Let’s face it: Some of us hate cooking.
Yes, I’m going there.
The Food section always has been a haven for people who enjoy nourishing others with delicious cooking and welcoming friends with creative entertaining. You inspire us. You’re great at it, and we are grateful to you and for you.
Then there are the rest of us. We cook because we are supposed to, and we do our best, but we’d rather be doing almost anything else. We want nutritious food that tastes good, but we’re just not into chopping and measuring after a long day at work, and we don’t consider cooking to be particularly enjoyable or relaxing.
The Food section is here for us, too.
Now that people are staying home and many restaurants are closing temporarily to avoid potential exposure to the COVID-19 novel coronavirus and help prevent its spread, there will be plenty of folks in the kitchen who’d really rather not be there. I feel your pain. And the quickest of glances at social media in the past week or so proves that there are more of us than we’d ever realized.
That’s why I’m starting No-Cook Cooking, a new column for people who aren’t crazy about cooking but do like results. If you’d rather change your oil than prop open a cookbook, you are not alone. If your normal schedule is frantic, and your favorite pre-social-distancing thing to make was reservations, spending more time in the kitchen may be a good thing. If you get to do things your way at your own pace, you may discover aspects of cooking that you can enjoy. And by the time restaurants resume table service, we’ll all have a deeper appreciation for the magic that local chefs, cooks and servers work on a daily basis.
I’ll be sharing some ideas for dishes that are simple enough not to require formal recipes or fussy prep work. I’ll focus on items that I still see in the grocery stores, and I welcome your suggestions for easy dishes and stress-free dinners.
Do you have some simple suggestions for beginners, or for folks who haven’t done much cooking in a while? Some go-to side dishes that never go wrong? Please send them to firstname.lastname@example.org and we’ll share them.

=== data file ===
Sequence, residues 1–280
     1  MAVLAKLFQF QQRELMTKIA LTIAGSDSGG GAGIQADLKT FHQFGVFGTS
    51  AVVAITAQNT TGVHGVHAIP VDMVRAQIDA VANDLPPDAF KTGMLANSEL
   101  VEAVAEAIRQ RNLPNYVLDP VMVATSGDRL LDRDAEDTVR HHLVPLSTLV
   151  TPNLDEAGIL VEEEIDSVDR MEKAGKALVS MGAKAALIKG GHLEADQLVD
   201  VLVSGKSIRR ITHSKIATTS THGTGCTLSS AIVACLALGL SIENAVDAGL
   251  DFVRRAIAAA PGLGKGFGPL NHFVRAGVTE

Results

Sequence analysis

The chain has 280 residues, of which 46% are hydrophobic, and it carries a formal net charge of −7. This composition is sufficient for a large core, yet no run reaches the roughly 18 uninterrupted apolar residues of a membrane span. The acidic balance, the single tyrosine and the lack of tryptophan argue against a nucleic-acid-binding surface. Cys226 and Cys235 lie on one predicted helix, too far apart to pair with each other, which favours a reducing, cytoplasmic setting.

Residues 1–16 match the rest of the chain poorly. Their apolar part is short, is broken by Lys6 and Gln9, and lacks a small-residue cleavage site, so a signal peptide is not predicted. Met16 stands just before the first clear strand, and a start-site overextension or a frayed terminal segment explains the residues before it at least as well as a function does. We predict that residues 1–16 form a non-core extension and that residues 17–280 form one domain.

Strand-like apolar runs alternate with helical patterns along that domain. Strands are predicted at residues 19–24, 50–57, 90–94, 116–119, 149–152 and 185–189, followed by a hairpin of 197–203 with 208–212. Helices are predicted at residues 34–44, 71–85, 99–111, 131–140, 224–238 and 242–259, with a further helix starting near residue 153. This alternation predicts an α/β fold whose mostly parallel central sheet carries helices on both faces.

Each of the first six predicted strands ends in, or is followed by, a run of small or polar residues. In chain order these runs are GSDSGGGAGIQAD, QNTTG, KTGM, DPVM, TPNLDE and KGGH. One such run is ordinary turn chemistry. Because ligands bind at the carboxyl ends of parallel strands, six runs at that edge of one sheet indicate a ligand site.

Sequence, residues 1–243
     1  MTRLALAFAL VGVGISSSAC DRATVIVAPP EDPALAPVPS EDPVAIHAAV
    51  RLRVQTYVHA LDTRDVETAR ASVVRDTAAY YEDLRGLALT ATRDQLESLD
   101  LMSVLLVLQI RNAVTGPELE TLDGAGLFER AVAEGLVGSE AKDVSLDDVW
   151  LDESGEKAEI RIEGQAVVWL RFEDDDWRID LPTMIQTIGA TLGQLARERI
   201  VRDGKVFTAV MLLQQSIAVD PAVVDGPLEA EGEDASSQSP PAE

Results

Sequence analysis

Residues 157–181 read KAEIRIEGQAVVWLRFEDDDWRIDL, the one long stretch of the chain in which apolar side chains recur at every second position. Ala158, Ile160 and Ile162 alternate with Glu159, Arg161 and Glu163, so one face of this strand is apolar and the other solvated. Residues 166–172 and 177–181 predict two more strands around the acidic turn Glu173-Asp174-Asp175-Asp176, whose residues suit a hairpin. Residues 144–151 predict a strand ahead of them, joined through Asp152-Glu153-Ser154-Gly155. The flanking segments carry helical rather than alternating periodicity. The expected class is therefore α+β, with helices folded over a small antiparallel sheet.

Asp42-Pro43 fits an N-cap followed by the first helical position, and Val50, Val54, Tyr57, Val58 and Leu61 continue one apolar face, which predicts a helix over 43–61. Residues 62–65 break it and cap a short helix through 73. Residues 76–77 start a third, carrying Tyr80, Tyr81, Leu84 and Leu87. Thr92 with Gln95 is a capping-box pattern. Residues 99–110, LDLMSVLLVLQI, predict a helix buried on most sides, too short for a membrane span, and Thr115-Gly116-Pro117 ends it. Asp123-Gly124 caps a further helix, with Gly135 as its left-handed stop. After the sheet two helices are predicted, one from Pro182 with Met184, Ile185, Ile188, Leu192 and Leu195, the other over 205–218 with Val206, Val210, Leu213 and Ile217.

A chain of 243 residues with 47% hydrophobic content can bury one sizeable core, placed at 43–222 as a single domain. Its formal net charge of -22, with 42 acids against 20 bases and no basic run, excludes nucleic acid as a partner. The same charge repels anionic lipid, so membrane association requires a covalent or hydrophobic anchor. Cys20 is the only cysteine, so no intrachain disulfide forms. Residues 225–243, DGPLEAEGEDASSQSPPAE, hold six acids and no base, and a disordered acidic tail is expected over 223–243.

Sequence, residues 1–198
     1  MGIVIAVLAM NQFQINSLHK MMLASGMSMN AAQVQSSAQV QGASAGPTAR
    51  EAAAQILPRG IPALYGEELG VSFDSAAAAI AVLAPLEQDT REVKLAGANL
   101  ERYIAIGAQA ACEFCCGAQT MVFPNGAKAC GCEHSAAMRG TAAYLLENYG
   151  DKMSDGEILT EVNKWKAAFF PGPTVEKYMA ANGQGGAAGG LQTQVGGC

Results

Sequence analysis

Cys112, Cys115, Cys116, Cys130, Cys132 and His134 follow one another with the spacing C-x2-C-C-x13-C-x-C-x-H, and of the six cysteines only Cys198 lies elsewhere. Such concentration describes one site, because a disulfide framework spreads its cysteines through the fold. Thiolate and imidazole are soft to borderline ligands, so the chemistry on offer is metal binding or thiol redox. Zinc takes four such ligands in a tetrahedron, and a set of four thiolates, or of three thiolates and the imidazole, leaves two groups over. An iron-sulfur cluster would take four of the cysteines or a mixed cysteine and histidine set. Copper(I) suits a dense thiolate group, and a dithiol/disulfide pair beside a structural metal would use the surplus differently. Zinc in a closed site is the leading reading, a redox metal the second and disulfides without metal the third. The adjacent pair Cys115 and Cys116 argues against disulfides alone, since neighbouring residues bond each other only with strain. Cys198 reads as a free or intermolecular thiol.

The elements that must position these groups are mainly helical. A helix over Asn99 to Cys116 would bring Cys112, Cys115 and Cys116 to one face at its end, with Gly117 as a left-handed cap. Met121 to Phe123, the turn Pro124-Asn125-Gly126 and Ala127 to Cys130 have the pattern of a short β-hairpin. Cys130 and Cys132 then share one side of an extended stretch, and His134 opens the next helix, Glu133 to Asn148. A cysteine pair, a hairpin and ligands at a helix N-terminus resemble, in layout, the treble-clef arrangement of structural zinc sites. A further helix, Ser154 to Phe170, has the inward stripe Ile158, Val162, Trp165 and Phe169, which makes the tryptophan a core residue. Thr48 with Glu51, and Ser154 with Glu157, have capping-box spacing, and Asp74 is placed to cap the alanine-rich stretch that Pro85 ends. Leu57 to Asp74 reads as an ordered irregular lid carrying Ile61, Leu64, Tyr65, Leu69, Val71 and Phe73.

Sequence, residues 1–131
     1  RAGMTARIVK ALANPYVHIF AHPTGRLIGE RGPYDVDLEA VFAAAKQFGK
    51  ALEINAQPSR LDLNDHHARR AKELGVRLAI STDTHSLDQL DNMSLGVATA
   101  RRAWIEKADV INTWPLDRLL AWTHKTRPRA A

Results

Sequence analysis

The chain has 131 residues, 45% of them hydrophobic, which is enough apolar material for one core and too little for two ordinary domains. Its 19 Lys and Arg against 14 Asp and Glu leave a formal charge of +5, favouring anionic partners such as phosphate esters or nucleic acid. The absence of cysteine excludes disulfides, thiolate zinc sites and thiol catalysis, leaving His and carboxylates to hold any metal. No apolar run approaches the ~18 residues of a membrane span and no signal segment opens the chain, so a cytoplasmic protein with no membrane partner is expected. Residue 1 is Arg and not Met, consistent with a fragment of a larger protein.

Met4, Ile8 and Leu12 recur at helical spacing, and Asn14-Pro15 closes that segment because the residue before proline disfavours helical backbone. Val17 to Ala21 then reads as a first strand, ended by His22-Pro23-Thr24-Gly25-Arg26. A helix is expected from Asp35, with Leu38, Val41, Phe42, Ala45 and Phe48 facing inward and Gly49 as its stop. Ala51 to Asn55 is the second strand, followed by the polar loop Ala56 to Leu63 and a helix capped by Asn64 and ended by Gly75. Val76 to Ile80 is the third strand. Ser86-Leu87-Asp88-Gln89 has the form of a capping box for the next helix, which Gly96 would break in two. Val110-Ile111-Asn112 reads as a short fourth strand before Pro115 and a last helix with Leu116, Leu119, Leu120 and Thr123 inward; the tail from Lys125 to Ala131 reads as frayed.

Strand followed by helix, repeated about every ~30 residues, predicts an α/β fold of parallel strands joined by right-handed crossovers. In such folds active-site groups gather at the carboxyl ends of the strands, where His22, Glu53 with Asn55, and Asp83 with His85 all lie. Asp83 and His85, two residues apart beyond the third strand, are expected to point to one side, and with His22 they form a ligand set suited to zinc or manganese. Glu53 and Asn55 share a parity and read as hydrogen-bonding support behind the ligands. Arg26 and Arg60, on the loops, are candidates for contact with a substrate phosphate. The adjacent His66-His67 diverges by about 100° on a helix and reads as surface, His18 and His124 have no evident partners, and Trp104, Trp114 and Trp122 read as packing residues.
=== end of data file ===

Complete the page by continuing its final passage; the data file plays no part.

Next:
Think of it as an opportunity. Have you been wanting to experiment with meatless meals, new international cuisines or the discipline of baking? Now you have time, motive and opportunity to explore.
We’re all in this together — and right now, that means in the kitchen.
Snack or salad?
There are still great finds in the produce section. There’s a whole world of delicious raw vegetables out there, so you aren’t stuck with iceberg lettuce and bottled dressing every night. Texture is part of the secret to making meals appealing, so if you tend to make the same side dishes over and over, try mixing it up by serving both a cooked vegetable and a raw vegetable with your main course.
• Here’s an easy snack to keep in the refrigerator: Slice a large cucumber and three or four radishes into the thinnest slices you can cut. A mandoline slicer will make quick work of it, but be extra cautious and attentive to protect your fingers.
Layer the slices in a glass bowl with a lid that fits tightly. Cover the slices with white wine vinegar, and then add small sprinkles of whatever spices you like. Salt and pepper work just fine; my favorite combination is dill weed and mustard seeds. Some folks will prefer to savor the fresh veggie flavors without any spices, especially when summer’s produce becomes available.
Place the tight lid over the bowl and leave it in the fridge for at least two hours to let the flavors blend.
• Another favorite raw veggie choice at our house works as a snack or a side dish. Take a broccoli crown or half a head of cauliflower and slice or break it into bite-sized florets.
Divide the florets among bowls, one for each family member or friend, and sprinkle each bowl of florets with olive oil, salt and pepper. I usually use a little adobo seasoning instead of salt, but if you still have the Himalayan pink salt that was so trendy a year or so ago, that works well, too.